Mahommah Gardo Baquaqua

An Enslaved Muslim of the Black Atlantic

By Paul E. Lovejoy, Nielson Bezerra

Mahommah Gardo Baquaqua

Approx. 288 pp., 6.125 x 9.25, 21 halftones, 4 maps

  • Paperback ISBN: 978-1-4696-8245-7
    Published: January 2025
  • Hardcover ISBN: 978-1-4696-8244-0
    Published: January 2025

Paperback Available January 2025, but pre-order your copy today!

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A literate Muslim born between 1820 and 1830 in present-day Benin, Mahommah Gardo Baquaqua was enslaved in the interior of West Africa and forcibly moved to Brazil in 1845. He escaped from slavery when his master took him to New York City in 1847. Baquaqua then fled to Haiti where he converted to Christianity. When he eventually returned to the United States, he enrolled in New York Central College. Baquaqua published his autobiography in 1854 and traveled to Liverpool, England, with the intention of returning to Africa. He apparently achieved this goal by the early 1860s, when his paper trail disappears.

Lovejoy and Bezerra's analysis of this remarkable autobiography—the only known narrative by a former Brazilian slave—illuminates what Baquaqua's home in Africa was like, examines African slavery in mid-nineteenth-century Brazil, and offers an Atlantic perspective on resistance to slavery in the Americas in the era of the Fugitive Slave Law of 1850.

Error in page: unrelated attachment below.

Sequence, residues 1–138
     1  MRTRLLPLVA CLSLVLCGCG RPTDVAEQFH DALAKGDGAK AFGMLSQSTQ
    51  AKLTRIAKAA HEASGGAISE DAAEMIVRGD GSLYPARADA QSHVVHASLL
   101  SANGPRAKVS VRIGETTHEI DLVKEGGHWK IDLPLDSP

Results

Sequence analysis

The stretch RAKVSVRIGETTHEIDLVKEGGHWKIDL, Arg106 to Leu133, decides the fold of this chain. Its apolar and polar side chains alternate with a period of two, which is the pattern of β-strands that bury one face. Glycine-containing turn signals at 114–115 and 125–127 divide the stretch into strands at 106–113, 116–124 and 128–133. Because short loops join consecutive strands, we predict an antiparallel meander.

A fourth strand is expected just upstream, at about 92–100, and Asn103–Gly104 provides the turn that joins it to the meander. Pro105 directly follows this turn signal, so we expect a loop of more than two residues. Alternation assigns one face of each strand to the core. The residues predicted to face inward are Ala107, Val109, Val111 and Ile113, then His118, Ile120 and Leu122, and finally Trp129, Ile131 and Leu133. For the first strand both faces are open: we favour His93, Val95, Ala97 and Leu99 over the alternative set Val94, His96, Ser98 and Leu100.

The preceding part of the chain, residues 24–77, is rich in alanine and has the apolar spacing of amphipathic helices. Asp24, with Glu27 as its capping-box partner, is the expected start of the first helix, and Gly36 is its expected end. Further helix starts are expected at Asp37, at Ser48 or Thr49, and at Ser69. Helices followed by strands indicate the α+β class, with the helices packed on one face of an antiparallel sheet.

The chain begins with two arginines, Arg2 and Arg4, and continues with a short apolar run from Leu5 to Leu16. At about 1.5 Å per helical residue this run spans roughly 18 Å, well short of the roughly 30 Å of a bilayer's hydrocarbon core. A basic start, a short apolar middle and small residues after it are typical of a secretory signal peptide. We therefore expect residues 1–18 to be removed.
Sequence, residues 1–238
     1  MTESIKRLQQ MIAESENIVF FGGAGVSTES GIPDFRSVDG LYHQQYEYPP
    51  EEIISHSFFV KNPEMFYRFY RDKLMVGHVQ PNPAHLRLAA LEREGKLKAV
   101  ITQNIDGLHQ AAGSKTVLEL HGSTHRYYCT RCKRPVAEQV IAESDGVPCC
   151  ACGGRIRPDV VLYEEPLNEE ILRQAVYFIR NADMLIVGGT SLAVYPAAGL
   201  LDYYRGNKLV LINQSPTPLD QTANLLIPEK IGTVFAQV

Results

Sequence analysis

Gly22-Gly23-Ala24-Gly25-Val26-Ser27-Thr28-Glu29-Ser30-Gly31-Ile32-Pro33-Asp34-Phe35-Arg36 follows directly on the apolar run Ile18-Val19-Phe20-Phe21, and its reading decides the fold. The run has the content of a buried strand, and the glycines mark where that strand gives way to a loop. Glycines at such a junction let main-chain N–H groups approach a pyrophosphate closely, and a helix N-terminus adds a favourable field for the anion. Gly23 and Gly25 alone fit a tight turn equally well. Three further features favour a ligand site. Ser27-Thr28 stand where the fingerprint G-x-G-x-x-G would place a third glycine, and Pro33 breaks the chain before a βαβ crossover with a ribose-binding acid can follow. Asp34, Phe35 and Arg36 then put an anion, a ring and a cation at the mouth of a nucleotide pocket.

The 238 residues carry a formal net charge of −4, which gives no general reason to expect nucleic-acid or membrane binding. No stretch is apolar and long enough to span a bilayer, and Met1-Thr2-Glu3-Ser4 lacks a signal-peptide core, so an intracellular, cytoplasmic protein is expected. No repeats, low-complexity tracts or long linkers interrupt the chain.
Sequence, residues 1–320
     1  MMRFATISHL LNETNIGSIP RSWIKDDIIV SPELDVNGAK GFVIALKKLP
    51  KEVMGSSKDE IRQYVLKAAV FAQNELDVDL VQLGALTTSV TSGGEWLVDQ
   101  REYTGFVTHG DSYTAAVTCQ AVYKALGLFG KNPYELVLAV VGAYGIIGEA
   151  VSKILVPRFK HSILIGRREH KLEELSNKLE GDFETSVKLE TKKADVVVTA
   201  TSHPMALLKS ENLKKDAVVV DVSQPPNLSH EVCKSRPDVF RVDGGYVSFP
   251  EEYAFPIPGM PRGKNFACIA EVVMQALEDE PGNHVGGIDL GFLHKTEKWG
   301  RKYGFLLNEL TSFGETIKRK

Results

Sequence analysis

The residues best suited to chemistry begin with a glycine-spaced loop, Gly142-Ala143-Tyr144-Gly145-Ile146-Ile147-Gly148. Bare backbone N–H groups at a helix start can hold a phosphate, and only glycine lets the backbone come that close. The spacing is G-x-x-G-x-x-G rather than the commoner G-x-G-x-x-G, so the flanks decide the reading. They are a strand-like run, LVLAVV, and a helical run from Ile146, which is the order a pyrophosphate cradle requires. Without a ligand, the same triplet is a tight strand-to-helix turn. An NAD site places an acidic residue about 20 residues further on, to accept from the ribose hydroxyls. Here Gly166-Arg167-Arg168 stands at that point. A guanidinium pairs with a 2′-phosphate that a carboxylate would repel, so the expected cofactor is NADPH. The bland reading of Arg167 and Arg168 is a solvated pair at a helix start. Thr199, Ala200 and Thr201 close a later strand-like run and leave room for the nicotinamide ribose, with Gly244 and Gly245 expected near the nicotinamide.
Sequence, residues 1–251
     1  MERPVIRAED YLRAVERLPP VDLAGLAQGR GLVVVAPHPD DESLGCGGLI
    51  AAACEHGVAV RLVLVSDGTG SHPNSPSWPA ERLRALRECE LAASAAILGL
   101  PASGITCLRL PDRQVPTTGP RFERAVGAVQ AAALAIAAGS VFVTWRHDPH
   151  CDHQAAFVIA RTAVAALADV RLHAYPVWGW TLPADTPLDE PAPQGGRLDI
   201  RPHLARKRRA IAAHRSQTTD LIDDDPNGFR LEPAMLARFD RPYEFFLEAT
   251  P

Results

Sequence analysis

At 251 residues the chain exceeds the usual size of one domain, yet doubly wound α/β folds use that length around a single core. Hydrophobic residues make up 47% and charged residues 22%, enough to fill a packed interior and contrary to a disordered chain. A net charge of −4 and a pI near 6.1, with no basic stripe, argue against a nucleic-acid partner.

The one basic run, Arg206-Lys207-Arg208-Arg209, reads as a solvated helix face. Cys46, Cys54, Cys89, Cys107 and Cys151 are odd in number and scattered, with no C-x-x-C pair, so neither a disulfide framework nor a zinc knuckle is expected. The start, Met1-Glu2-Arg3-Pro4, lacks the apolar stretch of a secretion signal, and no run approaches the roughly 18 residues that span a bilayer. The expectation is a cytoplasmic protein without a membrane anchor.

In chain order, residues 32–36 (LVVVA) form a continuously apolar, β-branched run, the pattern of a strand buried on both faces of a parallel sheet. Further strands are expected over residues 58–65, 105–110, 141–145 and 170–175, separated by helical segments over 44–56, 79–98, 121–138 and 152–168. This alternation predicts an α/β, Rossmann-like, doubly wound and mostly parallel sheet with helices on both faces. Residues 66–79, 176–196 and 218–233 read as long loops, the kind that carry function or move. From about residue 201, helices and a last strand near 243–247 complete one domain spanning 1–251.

About the Author

Paul E. Lovejoy is Distinguished Research Professor and Canada Research Chair in African Diaspora History at York University. Nielson Bezerra is associate professor at Universidade do Estado do Rio de Janeiro and director of Museu Vivo do São Bento.
For more information about Paul E. Lovejoy, visit the Author Page.

Reviews

"A beautiful, clearly written, and much needed monograph on the harrowing life of Baquaqua . . . Paul Lovejoy is the greatest specialist on the subject and best author for this book."—Ana Lucia Araujo, author of The Gift: How Objects of Prestige Shaped the Atlantic Slave Trade and Colonialism

"A true feat of research, this book goes beyond biography; rather, it uses Baquaqua's story as a vehicle to explore the nineteenth-century Black Atlantic. Lovejoy and Bezerra dispel prevailing misconceptions about Baquaqua's life and unearth a wealth of new detail."—Sean M. Kelley, The Voyage of the Slave Ship Hare: A Journey into Captivity from Sierra Leone to South Carolina